سرمایه انسانی، بازار ناقص، و تخصیص مجدد نیروی کار در اقتصادهای در حال گذار
|کد مقاله||سال انتشار||مقاله انگلیسی||ترجمه فارسی||تعداد کلمات|
|18466||2004||30 صفحه PDF||سفارش دهید||محاسبه نشده|
Publisher : Elsevier - Science Direct (الزویر - ساینس دایرکت)
Journal : Journal of Comparative Economics, Volume 32, Issue 4, December 2004, Pages 745–774
In this paper, we investigate the effects of human capital and factor market imperfections on household decisions regarding labor use and reallocation in transition countries. We develop a model that accounts explicitly for heterogeneity in the supply of labor and analyze its impact on the allocation of labor. Furthermore, the effects of imperfections in the capital and labor markets on the reallocation process are modeled. Using a dataset based on a countrywide representative survey of Hungarian rural households, we estimate the effects empirically and find them to be important. Journal of Comparative Economics32 (4) (2004) 745–774.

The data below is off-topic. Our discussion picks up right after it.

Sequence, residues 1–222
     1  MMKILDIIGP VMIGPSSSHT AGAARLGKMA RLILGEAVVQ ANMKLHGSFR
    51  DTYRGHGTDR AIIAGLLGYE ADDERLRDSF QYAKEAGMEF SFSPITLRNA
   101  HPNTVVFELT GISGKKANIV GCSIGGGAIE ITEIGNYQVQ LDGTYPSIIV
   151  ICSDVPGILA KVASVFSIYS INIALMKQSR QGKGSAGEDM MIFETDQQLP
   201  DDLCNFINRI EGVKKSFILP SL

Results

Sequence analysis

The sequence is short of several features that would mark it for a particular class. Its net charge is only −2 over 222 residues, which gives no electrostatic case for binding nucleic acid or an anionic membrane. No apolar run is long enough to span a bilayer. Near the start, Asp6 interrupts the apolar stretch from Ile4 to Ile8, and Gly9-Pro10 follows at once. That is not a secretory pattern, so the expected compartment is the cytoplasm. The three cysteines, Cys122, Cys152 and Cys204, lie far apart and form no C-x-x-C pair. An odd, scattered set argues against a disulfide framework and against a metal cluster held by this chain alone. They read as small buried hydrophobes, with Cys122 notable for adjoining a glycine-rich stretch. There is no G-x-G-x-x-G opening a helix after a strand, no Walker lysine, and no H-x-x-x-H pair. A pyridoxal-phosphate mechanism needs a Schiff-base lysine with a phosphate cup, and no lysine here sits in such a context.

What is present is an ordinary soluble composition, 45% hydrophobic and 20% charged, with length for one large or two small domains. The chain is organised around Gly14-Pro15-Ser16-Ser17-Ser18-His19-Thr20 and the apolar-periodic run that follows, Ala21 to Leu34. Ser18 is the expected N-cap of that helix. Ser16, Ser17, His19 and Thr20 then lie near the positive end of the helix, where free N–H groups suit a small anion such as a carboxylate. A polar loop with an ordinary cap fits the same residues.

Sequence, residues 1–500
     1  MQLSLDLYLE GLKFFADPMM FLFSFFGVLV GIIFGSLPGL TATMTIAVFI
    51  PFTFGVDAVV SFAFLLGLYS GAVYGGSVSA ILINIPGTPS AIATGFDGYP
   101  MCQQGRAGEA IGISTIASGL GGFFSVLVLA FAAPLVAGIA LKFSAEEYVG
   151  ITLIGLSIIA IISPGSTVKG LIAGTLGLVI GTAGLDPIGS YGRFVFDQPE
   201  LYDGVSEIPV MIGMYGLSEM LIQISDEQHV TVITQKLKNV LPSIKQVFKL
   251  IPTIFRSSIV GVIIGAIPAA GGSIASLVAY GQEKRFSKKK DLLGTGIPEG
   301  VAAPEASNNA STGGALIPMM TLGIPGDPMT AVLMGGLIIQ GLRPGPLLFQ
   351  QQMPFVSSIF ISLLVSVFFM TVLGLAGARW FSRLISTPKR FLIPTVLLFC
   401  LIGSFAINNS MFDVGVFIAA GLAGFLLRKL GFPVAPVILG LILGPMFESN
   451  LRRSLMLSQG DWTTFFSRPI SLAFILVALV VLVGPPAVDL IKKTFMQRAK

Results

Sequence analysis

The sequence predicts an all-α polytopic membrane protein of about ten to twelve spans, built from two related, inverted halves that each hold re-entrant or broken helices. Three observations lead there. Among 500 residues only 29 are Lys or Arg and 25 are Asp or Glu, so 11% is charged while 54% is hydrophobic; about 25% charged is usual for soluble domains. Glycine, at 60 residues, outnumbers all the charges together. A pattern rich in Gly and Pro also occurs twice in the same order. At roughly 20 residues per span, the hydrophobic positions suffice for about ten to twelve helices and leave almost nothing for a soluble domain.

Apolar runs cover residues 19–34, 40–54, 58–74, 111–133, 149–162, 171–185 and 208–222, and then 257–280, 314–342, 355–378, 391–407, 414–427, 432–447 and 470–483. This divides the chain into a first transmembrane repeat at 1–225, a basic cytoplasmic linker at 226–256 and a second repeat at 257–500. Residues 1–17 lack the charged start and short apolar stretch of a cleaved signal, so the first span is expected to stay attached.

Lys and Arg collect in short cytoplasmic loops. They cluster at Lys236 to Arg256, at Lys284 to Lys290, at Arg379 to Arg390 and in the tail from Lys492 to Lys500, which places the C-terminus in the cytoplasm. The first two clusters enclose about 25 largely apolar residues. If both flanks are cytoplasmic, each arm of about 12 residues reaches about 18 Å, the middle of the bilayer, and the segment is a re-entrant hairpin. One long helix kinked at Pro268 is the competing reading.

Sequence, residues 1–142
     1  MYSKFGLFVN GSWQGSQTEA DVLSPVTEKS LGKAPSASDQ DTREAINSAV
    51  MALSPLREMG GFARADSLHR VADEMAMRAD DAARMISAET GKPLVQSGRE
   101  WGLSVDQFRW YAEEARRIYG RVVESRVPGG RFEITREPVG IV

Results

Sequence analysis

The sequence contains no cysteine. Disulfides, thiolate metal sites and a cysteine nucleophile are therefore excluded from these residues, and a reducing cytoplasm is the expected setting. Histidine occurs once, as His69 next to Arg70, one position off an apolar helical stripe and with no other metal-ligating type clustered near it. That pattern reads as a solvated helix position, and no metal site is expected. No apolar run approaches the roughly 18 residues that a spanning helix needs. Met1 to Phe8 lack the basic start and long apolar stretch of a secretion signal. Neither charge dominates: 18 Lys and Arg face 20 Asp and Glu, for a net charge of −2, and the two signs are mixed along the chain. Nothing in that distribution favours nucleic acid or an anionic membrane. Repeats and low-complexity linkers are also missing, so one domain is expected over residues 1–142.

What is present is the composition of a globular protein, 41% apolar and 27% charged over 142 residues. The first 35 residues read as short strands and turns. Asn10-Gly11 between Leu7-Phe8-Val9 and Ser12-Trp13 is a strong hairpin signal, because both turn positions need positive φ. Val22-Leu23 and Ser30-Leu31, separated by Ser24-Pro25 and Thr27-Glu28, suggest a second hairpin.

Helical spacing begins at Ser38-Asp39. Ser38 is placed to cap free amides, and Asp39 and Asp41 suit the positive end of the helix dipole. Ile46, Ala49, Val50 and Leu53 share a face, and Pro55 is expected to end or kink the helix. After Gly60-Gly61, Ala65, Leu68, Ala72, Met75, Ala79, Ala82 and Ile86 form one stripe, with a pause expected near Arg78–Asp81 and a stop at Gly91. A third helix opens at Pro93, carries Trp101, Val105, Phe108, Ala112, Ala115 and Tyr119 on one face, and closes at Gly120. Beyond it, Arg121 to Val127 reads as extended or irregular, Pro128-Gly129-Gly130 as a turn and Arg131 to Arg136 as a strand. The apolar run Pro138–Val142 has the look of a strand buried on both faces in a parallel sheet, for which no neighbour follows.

The literature on economic restructuring in transition economies identifies several factors that contribute to the initial decline in output and the growth of unemployment. Blanchard and Katz (1997) model the increase in unemployment by assuming that subsidy cuts led to a reduction in demand for labor by existing restructuring firms at a time when the growth in employment in the emerging private sector was insufficient to absorb displaced workers. In addition, Blanchard and Kremer (1997) argue for the importance of disorganization problems within the supply chain and Roland and Verdier (1999) identify search frictions as a cause for reductions in output and employment. Konings et al. (1996), Bilsen and Konings (1998), Acquisti and Lehmann (2000), Basu et al. (2000), Dries and Swinnen (2002) and Konings and Lehmann (2002) provide empirical evidence on the problems of reallocating labor between firms. These authors find major differences in the effects of disorganization on newly established private firms and on restructuring existing firms and also considerable variation across different types of firms regarding labor market behavior. Microeconomic studies of labor adjustment processes in transition economies focus primarily on the firms and investigate the effects of their hiring policies and characteristics on the restructuring process. Hence, job creation and destruction in the economy are examined. Although important, these are not the only factors relevant to the labor adjustment process. Human capital and other characteristics of the labor force have an important impact on restructuring processes and growth as Huffman (1980), Lucas (1988) and Barro and Sala-i-Martin (1992) demonstrate in general, and Fan et al. (1999), Kertesi and Kollo (2001) and de Brauw et al. (2002) find in transition countries. Household characteristics, including human capital, affect not only household wages but also household decisions on labor allocation to various activities according to Becker (1965), Sahn and Alderman (1988) and Ahituv and Kimhi (2002). Kimhi (2000) and Kertesi and Kollo (2001) study these effects on part-time employment and early retirement, while Zhao (1999) and Germenji and Swinnen (2003) examine their impact on migration. Earle and Sakova (2000) highlight the growth of self-employment in transition countries. Self-employment, often in food production, has grown dramatically since the beginning of the transition, especially in rural areas as Kollo and Vincze (1999), Rizov (2003) and Lerman et al. (2004) attest. In this paper, we develop a model of the impact of human capital on household decisions about labor allocation in transition countries. The model accounts explicitly for household heterogeneity and analyzes its effect on the allocation of labor, both to self-employment in farming and to wage employment off-farm. Moreover, the model investigates the influence of imperfections in the capital and labor market on the reallocation process. Using a dataset containing information on 1618 Hungarian rural households based on a countrywide representative survey, we assess the impact of human capital and factor market imperfections on labor allocation empirically. Self-employment of rural households in farming is very widespread in Hungary and we find that both the decision to engage in self-employment and the determination of the amount of labor allocated to this activity depend on human capital characteristics, e.g., age and education, and on market imperfections, in particular imperfections in the rural credit market.